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What share of people say they are vegetarian, vegan, or flexitarian?

There is a growing interest in the environmental, ethical, and health impacts of our diets.

To understand patterns of food consumption we can look at market sales data – how much meat, dairy, and plant products we sell. This tells us about countries as a whole – we present this type of data here – but this doesn’t tell us about the variation within a population.

If we want to know about this variation we can rely on survey data on how people describe their dietary preferences. There is, unfortunately, a lack of long-term data on this. But we can look at recent developments.

YouGov, the polling group in the UK, surveys around 2000 adults every six months about their dietary preferences. In this article, we present the latest data and we will update this data every six months with the most recent results.

What share of British adults identify as vegetarian, vegan, or flexitarian?

These surveys ask adults which of six options best describes their dietary preferences. The six options are meat-eater, flexitarian, pescetarian, vegetarian, vegan, or none of these. Each respondent is only allowed to pick one of the six options. In the accompanying box, we provide a description of each of these diets, as YouGov describes them in their survey.

The results are shown in the chart. 5% described themselves as vegetarian; 3% as pescetarian, and 2% as vegan. Together these sum up to 10% – this means that 10% of British adults report that they do not eat meat (but some of them do eat fish).

A further 16% described themselves as flexitarians, meaning they were mostly vegetarian, but occasionally ate meat or fish.

These results are very similar to those from other countries.

In a 2018 Gallup poll from the US, 5% of American adults identified as vegetarian, and 2% as vegan. 

In a wider 2018 poll from Ipsos Mori – spanning 28 countries – 5% of respondents identified as vegetarian, 3% as vegan, and a further 3% as a pescetarian. However, this poll showed very different results for some countries. For example, one in five people in India identified as vegetarian.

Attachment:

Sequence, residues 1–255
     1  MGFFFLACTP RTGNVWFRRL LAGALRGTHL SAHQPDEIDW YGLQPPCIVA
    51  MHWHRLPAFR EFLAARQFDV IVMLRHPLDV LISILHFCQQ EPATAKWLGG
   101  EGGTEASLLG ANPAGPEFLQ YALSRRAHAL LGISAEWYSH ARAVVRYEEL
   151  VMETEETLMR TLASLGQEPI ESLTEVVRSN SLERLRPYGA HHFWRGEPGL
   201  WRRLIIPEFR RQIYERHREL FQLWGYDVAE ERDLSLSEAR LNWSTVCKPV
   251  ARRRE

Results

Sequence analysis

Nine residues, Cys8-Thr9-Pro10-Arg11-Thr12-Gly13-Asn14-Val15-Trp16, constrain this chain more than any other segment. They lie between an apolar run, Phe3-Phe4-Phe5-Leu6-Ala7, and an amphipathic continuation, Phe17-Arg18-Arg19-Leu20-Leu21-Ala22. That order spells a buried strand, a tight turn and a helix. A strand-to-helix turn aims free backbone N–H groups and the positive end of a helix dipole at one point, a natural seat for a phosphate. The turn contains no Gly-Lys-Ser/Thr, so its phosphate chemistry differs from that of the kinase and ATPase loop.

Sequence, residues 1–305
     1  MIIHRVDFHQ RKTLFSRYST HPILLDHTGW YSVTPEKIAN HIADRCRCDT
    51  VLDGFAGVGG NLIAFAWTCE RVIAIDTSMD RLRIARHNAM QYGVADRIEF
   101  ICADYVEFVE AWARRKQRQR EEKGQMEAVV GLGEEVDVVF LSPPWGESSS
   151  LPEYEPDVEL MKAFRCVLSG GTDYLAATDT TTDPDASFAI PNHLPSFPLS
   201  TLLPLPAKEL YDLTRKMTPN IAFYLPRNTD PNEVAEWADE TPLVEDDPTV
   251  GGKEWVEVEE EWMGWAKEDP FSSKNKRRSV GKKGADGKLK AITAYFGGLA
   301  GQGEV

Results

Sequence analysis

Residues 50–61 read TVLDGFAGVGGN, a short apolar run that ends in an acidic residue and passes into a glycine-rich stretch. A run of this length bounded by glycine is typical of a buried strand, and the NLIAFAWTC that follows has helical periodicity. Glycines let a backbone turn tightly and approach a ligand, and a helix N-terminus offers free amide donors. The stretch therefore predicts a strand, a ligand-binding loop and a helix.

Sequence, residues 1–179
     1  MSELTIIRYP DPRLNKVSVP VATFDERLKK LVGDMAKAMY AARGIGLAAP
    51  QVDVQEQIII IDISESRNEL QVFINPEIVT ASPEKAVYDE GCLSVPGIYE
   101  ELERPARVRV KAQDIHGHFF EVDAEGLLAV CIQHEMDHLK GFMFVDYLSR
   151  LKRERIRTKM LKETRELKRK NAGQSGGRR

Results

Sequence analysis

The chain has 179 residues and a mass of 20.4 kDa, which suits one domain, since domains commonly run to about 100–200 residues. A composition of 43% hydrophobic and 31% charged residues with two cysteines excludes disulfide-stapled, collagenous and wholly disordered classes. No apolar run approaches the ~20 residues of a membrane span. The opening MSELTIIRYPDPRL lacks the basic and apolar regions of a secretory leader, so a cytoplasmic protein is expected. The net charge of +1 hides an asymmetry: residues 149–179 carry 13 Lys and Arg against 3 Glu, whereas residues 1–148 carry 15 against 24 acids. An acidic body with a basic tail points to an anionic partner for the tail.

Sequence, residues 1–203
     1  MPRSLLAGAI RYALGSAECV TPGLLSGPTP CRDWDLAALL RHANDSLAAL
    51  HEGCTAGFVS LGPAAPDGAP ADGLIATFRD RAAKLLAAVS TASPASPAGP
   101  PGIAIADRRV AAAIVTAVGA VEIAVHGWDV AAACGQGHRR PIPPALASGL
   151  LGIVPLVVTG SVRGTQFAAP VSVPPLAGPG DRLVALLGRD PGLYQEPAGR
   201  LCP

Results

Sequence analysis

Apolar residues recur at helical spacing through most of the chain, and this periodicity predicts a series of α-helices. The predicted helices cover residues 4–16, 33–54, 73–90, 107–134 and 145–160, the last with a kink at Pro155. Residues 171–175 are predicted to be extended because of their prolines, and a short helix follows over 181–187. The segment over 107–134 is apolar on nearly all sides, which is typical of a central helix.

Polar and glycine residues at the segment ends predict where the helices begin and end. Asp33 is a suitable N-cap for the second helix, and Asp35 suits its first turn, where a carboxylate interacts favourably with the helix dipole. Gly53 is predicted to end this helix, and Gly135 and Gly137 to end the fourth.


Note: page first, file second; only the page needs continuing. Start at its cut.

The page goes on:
The YouGov survey describes these dietary choices in the following way:

  • Meat-eater: eats meat and poultry (and does not describe as being mainly vegetarian)
  • Flexitarian: mainly vegetarian, but occasionally eat meat or fish
  • Pescetarian: eat fish but do not eat meat or poultry
  • Vegetarian: do not eat any meat, poultry, game, fish, or shellfish
  • Plant-based / Vegan: do not eat dairy products, eggs, or any other animal product

Diets by age: Younger adults are less likely to eat meat

When we look at these survey results by age we see that younger people are more likely to identify as non- or only occasional meat-eaters. The breakdown of UK responses by age is shown in the chart.

One in five 18-to-24-year-olds described a diet that did not contain meat (but some of them do eat fish). 10% were vegetarian, 4% pescetarian, and 5% were vegan. A further 20% were flexitarian.

Contrast that with the oldest age group (the over-65s) where only a few percent were vegetarian, and a few percent pescetarian.

Again, this finding that younger adults are more likely to identify as vegetarian or vegan is consistent with results from other countries. Polls from the US and other countries find the same result. Averaged across the 28 countries included in the 2018 Ipsos survey, 6% of under-35s reported to be vegetarian, compared to 3% in the over-35s.

What is also striking is how quickly dietary preferences are changing amongst young people. In particular, we see a sharp rise in the share identifying as ‘flexitarian’ in only a few years. In mid-2019, 10% of young adults self-reported as flexitarian. In December 2021, this had doubled to 20%.1 The share identifying as frequent meat-eaters fell from two-thirds of young adults (67%) to just over half (52%).

From an environmental perspective, this is good news. Eating less meat is one of the most effective ways that someone can reduce their carbon footprint.


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Acknowledgments

We would like to thank Max Roser, Pablo Rosado, Bastian Herre, and Marcel Gerber for feedback and suggestions on this work.